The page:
If the accreta is diagnosed prenatally, the patient should deliver in a tertiary care centre where expert care providers are available, ideally a team consisting of an obstetrician, paediatrician, gyne oncologist, anesthesiologist, urologist, hematologist, interventional radiologist and other general surgeons. Optimal delivery is a planned preterm (34 weeks gestation) cesarean section with complete hysterectomy with the placenta left in place, as attempts at removing the placenta are associated with high risk of maternal morbidity and mortality.
The health care providers should also study the placenta and uterus after the hysterectomy or placental removal to help diagnose the degree of adherence, as microscopic examination will show chorionic villi in the myometrium.
Keep up the maternal hemoglobin prenatally and keep blood cross-matched.
Conservative management options include:
With complete accreta, all the cotyledons are attached to the myometrium, and there is no uterine bleeding at all after the delivery of the baby. With partial accreta, only a portion of the surface is attached to the myometrium, greatly increasing the woman’s chances of third stage hemorrhage. When this occurs, the care provider may do all they can to completely detach the placenta, but all efforts will fail, as the woman continues to bleed.
Blood loss averages 3000-5000ml. Up to 90% of patients require a blood transfusion and 40% need more than 10 units of packed red blood cells. This can lead to disseminated intravascular coagulopathy, hysterectomy, injury to adjacent organs, adult respiratory distress syndrome, acute transfusion reaction, electrolyte imbalance, and kidney failure.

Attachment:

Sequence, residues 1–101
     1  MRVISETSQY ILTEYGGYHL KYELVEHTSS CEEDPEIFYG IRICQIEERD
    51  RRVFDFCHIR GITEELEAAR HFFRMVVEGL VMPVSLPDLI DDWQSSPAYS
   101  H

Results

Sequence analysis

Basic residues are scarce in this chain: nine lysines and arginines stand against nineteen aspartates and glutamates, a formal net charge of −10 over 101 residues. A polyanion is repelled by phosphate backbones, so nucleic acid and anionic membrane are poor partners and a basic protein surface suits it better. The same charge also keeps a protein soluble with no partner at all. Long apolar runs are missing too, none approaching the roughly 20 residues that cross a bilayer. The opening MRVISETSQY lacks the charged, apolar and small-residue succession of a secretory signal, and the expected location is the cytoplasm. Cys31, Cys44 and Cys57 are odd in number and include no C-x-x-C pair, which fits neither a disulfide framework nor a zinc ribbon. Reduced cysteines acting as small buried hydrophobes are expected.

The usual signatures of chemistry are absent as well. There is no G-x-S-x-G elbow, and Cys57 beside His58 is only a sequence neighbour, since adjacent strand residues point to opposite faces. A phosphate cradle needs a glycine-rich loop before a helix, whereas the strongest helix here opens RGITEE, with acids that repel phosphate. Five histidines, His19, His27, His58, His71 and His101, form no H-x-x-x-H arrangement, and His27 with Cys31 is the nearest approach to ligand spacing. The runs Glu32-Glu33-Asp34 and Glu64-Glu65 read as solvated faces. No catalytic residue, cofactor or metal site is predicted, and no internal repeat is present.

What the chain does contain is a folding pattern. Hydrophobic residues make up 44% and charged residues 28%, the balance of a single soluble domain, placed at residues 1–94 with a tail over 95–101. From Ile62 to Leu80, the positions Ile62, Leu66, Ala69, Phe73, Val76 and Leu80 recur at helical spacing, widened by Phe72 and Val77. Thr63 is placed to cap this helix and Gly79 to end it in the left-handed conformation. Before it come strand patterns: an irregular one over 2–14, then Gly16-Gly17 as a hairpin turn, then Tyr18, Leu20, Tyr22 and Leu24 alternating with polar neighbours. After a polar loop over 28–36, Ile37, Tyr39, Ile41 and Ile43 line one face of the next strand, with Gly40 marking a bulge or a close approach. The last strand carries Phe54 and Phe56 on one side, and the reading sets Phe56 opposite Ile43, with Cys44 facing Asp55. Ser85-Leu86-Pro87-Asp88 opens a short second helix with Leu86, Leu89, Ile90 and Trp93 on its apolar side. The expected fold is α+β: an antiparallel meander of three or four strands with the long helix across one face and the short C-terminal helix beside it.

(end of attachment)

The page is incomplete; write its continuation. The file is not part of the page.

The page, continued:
Mortality is reported in up to 7% of cases.
In instances where there is excessive pulling on the cord or placenta, uterine inversion or uterine rupture may occur.
If a planned preterm cesarean is pursued, the consequences of a preterm infant must be taken into consideration. Consider corticosteroids.
If the woman’s uterus is able to be saved and she becomes pregnant again, she is at a higher risk of recurrence, uterine rupture, blood transfusions after delivery, and need for hysterectomy.
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Oxorn, Harry. (1985). Oxorn-Foote Human Labor and Birth Fifth Edition. McGraw-Hill Medical
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Placenta Accreta. (2012) Committee Opinion No 529. The American College of Obstetricians and Gynecologists. Obstet Gynecol. 120: 207-11
Hunt, Jennifer C. (2010). Conservative Management of Placenta Accreta in a Multiparous Woman. Journal of Pregnancy. Volume 2010, Article ID 329618, 5 pages
Mount Sinai Hospital, Areas of Care, Placenta Clinic: Invasive Placenta. Retrieved from: http://www.mountsinai.on.ca/care/placenta-clinic/complications/invasiveplacenta#
Silver RM. (2006). Maternal morbidity associated with multiple repeat cesarean section deliveries. Obstet Gynecol. June; 107(6): 1226-32